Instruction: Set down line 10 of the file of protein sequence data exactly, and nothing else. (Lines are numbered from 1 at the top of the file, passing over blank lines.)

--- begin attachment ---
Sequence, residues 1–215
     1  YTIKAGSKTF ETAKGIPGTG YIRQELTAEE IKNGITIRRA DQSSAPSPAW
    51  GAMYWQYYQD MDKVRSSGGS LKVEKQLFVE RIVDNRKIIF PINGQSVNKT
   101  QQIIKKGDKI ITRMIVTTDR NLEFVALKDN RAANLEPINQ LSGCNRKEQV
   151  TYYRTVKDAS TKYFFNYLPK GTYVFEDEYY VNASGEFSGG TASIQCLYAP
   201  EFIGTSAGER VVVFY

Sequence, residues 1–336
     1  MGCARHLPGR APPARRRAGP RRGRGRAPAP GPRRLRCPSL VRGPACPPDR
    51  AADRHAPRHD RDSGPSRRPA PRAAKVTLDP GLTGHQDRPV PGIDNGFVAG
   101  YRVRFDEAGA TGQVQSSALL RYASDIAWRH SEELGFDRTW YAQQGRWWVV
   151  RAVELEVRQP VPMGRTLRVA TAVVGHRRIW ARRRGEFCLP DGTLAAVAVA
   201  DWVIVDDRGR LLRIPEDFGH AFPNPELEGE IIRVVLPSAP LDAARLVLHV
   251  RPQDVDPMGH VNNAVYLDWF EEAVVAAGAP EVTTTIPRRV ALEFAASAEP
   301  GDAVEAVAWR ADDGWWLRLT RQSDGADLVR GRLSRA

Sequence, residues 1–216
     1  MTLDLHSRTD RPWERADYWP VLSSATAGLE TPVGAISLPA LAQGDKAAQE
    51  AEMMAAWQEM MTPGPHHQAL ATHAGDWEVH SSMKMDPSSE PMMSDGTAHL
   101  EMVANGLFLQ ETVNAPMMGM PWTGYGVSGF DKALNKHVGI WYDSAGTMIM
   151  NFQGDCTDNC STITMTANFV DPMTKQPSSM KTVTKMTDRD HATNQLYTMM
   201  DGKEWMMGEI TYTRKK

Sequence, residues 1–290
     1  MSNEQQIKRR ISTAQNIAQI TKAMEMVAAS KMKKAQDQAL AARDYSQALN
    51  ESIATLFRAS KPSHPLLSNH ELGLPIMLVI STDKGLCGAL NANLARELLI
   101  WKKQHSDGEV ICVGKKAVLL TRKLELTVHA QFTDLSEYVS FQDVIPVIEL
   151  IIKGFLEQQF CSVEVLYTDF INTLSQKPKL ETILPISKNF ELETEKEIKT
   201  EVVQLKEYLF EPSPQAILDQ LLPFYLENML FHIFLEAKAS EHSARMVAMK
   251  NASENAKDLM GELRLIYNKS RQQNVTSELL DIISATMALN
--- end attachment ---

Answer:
   101  YRVRFDEAGA TGQVQSSALL RYASDIAWRH SEELGFDRTW YAQQGRWWVV